The leaders of the world's two most powerful countries, economies and polluters hold a virtual summit today with a lot to discuss.
United States President Joe Biden and President Xi Jinping of China meet via video conference after two previous phone calls this year.
The talks take place after the two countries agreed at COP26 in Glasgow to increase their co-operation on climate.
After the United Nations conference in Scotland drew a mix of supportive and scathing reviews from observers, any work in tandem on climate and easing of tensions on Taiwan and other security issues would be welcome.
In statements this month, both leaders appeared to recognise the need to better manage the great power rivalry.
"From tackling the Covid-19 pandemic to addressing the existential threat of the climate crisis, the relationship between the United States and China has global significance," Biden said. And Xi acknowledged: "Both countries will gain from co-operation and lose from confrontation. Co-operation is the only right choice".
At COP26 the two countries announced a plan to work together on cutting greenhouse gases in the next decade, including reducing methane, and transport, energy and industry emissions.
If the world is to have any hope of staying under the 1.5C warming goal, that needs to happen.
The COP26 deal by near 200 countries included weak language on coal power, the source of 20 per cent of emissions. A change pushed by India referred to a "phase down" rather than "phase out".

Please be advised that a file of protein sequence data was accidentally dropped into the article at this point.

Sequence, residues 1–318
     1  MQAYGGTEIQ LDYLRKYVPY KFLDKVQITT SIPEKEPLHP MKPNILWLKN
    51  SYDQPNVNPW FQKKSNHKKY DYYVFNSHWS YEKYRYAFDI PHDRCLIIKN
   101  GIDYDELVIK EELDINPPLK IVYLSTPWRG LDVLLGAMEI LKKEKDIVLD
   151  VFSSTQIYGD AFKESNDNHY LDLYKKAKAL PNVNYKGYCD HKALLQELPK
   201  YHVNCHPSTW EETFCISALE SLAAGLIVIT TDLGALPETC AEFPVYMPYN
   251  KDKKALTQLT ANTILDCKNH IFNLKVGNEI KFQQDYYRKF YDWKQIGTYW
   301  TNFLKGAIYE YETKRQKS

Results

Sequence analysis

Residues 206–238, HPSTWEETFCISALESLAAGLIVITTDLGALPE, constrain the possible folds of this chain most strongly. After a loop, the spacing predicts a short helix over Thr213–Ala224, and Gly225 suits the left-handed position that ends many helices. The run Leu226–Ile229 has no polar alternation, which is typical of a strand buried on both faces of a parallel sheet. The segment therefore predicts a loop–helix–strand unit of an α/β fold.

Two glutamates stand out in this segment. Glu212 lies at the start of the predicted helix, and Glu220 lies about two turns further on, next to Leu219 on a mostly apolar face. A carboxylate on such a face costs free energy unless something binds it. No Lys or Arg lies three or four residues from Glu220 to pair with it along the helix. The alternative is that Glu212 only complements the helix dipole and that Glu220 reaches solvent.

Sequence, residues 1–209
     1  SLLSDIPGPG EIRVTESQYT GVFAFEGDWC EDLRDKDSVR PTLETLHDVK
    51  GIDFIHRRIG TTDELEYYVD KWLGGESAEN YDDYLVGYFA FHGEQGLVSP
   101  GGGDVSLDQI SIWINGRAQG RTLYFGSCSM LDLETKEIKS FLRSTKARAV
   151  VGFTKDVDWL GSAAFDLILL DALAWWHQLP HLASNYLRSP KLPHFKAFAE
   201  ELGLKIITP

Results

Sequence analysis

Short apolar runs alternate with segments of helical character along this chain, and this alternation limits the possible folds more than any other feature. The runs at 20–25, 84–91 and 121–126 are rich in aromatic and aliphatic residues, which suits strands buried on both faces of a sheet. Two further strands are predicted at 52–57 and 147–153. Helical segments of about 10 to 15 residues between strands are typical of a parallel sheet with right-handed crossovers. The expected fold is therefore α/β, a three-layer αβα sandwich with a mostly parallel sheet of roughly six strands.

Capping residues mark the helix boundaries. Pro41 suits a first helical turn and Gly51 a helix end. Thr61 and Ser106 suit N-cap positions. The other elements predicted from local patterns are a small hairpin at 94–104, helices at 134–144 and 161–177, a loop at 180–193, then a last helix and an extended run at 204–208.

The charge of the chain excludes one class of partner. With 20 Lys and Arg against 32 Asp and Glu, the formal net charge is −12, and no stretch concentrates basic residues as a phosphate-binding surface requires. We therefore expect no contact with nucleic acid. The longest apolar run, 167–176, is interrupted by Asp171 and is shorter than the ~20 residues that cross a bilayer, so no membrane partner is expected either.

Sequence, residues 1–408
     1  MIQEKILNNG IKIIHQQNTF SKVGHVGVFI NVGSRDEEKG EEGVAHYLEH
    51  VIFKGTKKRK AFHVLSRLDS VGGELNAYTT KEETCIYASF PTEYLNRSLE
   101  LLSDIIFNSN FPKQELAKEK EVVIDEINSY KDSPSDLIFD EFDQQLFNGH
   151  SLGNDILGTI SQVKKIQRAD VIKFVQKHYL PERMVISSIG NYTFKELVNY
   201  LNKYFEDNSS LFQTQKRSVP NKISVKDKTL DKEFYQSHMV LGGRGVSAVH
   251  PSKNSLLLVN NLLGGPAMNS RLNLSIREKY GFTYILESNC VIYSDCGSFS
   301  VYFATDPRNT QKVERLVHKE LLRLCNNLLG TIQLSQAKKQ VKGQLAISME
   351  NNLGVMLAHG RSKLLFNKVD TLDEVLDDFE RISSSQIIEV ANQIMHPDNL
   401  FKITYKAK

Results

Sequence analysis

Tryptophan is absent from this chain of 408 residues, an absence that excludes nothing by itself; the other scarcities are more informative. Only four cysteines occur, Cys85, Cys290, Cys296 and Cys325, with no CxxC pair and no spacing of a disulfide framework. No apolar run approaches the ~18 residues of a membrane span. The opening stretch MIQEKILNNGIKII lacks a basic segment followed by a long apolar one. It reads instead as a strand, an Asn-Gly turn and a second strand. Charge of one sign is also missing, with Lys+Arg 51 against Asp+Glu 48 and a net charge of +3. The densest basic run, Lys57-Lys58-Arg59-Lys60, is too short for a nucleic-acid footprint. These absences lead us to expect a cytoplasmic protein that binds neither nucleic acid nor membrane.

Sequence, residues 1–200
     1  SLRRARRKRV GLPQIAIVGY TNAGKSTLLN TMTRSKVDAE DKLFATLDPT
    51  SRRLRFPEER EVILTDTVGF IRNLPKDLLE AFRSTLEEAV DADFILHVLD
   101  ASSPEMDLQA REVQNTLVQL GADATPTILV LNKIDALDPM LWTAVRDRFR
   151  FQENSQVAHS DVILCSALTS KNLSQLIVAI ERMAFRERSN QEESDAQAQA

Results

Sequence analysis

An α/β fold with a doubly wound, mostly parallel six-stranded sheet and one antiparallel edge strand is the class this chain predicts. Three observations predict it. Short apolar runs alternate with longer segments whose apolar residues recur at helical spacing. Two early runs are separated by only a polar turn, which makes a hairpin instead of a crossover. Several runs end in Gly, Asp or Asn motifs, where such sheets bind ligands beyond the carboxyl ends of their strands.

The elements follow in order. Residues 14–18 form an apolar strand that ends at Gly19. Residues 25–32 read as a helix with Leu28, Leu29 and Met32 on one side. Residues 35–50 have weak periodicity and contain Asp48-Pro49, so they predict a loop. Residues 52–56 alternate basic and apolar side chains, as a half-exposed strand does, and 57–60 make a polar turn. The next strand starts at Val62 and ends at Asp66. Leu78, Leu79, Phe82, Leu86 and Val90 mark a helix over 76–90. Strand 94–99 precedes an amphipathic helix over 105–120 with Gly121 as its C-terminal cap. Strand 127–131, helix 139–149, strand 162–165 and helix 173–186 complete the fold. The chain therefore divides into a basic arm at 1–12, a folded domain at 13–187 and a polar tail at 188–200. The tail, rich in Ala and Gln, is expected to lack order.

Greenpeace executive director Jennifer Morgan said: "It's meek, it's weak and the 1.5C goal is only just alive, but a signal has been sent that the era of coal is ending. And that matters."
Renewable energy is becoming economically cheaper and widespread. "Coal is dead. Coal is being phased out," said Helen Mountford of the World Resources Institute think-tank. "It's a shame that they watered it down."
For instance, a floating solar farm with 145,000 panels, that's thought to be the world's largest hydro solar hybrid system, has this month begun generating power in Thailand.
Austria, Belgium and Sweden have closed their last coal plants. But hugely populous countries China and India are among the biggest coal consumers.
Big carbon-polluting nations have been told to make stronger emission-cutting pledges next year at the next climate conference in Egypt and rules for a global carbon market were approved.
Countries agreed to increase funding for climate adaptation but wealthy nations have failed to provide developing ones with a previously promised US$100 billion a year. No compensation fund for damage was agreed.
There have also been deals during the conference on deforestation, electric vehicles and finance for measures against climate change.
Overall there's a widening gap between the plodding advances countries are pledging and the radical action some increasingly frustrated officials, scientists and campaigners say is needed.
Former Irish President Mary Robinson, a member of a group of retired leaders called The Elders, said the deal involved "some progress, but nowhere near enough to avoid climate disaster ... People will see this as a historically shameful dereliction of duty".
The conference is part of an attempt to gradually increase heat on decision makers but the slow pace of change is playing with fire.
More urgency is needed from the US and China in particular.
Activists will see COP26 as more evidence that protests and pressure will have to be stepped up.